Palo Duro Canyon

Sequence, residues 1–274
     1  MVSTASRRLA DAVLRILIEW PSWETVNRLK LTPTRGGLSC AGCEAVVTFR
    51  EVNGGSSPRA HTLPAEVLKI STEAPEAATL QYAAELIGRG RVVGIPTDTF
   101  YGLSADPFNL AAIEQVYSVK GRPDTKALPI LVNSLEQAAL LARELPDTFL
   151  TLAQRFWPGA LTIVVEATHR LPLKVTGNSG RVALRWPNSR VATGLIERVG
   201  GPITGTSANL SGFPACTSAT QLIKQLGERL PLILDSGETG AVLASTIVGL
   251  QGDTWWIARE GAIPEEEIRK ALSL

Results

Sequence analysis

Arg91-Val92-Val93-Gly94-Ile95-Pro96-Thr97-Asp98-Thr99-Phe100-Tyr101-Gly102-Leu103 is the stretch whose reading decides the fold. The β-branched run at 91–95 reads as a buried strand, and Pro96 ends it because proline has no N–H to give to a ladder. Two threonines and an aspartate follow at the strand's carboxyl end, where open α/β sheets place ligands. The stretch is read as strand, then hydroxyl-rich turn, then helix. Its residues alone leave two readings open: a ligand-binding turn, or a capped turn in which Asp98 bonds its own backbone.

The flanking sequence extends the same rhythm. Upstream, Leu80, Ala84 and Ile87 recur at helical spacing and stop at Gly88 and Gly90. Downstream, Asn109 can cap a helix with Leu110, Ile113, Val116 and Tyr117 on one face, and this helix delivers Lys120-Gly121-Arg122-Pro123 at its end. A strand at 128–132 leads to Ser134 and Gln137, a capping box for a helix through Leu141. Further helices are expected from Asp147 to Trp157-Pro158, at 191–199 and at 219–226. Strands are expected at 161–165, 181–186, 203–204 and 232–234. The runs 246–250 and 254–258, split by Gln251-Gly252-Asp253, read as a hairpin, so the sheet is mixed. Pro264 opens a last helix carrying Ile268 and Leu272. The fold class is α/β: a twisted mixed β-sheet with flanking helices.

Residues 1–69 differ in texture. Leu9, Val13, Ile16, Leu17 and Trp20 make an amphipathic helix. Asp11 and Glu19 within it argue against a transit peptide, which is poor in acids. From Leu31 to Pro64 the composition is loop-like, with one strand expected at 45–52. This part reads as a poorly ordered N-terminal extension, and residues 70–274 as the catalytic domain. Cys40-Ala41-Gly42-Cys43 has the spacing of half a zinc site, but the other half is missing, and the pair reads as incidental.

We started our trip on July 2. We drove to Fort Worth. On July 3, we made the long drive from Fort Worth to Palo Duro Canyon. It was looong. I didn’t realize how long the drive would feel, but it felt longer than it was. Part of the reason was I never had been to this part of the state. Trips always feel longer when everything is unfamiliar. It was also hot, so we didn’t pull over except at a rest stop to eat our picnic lunch, where we were greeted with this sign: I wanted us to have time to explore the park, so that and another stop for gas were the only stops we made. We were only spending one night at Palo Duro Canyon. It would be too hot to explore much anyways, but the plan was to get there by 2pm (We got there around 3pm), drive to the canyon floor, and hike a bit (hopefully it would cool down in the evening). The next day, we had reservations for a horse ride before heading on the road again. So we’re driving, and driving and driving. We finally get to Canyon, Texas. Now I’ve read about this, but to experience seeing the canyon for the first time is something else. First of all, you turn off the highway and you know you’re not too far away. But you’re still seeing pastures and wondering why the topography hasn’t…. and whah!!!! There’s the canyon! I can almost see the first person stumbling up on this canyon and almost falling in. It’s breath taking! The colors are so vibrant! And instantly you realize that it was totally worth the drive. So we enter the park, park and take a photo at the Canyon viewpoint. Then we head on over to the visitor center. It’s hot outside, so I let the kids linger. We get our junior ranger books. They do some activities and look around. On this day, there an author selling his books and my oldest talks to him for awhile and buys his book. (I give my kids some spending money at the beginning of the trip, plus any money they already have. If they spend it all and there’s no more later, well, they just have to live with that). We talk to the ranger on possible hikes and we settle on the Comanche trail. It’s one of the older trails, but it follows the river and it’s a bit shaded so it’ll be most comfortable to walk in the afternoon heat. We drive all the way to the Canyon floor, which is really cool. Palo Duro Canyon, btw, is the second largest Canyon in the U.S. after the Grand Canyon. Being able to drive to the bottom is an added perk. Okay, it was very difficult to hike. Not because it’s a hard trail but because it was so dang hot! We hiked about 30 minutes and then decided it was just too hot for us. Who decided to visit this place in July? Oh yeah, that would be me. So we get back into the car and drive the park road. That way we can enjoy the views from the car. I am so done with the hiking until I see… I BIG CAVE. It’s actually called Big Cave and the kids and I think it’s too cool not to explore. So we park on the side of the road and run/hike up into it. By now, the park has actually cooled down quite a bit. I’m from Houston, and with the humidity that never happens. This is a nice surprise. It also looks like it might rain. The wind has picked up a bit. Anyways, we continue up to Big Cave and it was a lot of fun exploring. Of course, my kids want to go to the top; I say no, it looks dangerous or we don’t have time, but then I’m tempted as well and we go ahead and do it. This will happen many times during the trip. After that we get back into the car and yes, it does look like its going to start to pour and I don’t know this area so I’m not taking any chances. We head back up the canyon. I had promised my older son that he could stop at this one viewpoint and take some pictures. Afterwards, we go to the ranger station at the park entrance and the kids get their junior ranger badges. Many people know about the National Parks System, but the state parks also have a junior ranger program. The two younger kids get a badge at every park, I purchase a sticker for my roof rack cargo box and the teenager purchases a pin. We’re staying in Canyon, Texas for the night. There are various reasons we decided to get a hotel room instead of camping or getting a cabin in the park, but if I had to do it again, I would stay in the park. The hotels in Canyon just aren’t that nice. I won’t call the hotel out by name because the staff in the front was actually really nice, but I just felt we could have saved money and it would have been a better experience if we stayed inside the park. We checked into the hotel and it was windy and pouring. The rain was torrential! Again, I’m from Houston, so this was kind of scary for me, but the front desk guy said it’s common there and it would stop in a few minutes. We washed up in our room and when we went out for dinner, it had stopped raining! For dinner, we went to Feldman’s Wrong Way Diner. I was so tired by then. There was a bit of a wait, but the restaurant has a fun atmosphere. There’s a train that goes around the restaurant and my five-year-old enjoyed watching it. The menu was good old comfort food and I got the chicken fried steak. It felt good after a long day. We went to bed early as the next day we had reservations at Palo Duro Canyon riding stables. The next morning was cool and clear. A nice surprise for July in Texas. We got to the stables, which is located right outside of the park, before 8am. The family owned company had recently added 1.5 hour ride, which is their first ride of the day. The stables are a little bit pricier than some of the other stables, but it’s well worth the extra price. Even my five-year-old had his own horse. This was the highlight of the trip and even after seeing so many wonderful sights, one of the top activities we did the entire summer. The family that owns the stables are so nice. And seeing the canyon on the horse is just such a great experience. The early morning ride was nice, it was nice and cool and we really enjoyed riding for so long. Note: rides fill up, so call in advance to reserve your spot! I called in May, just to get info and then a couple of weeks before to actually reserve. Once we were done with the ride, it was back in the car and on to Albuquerque.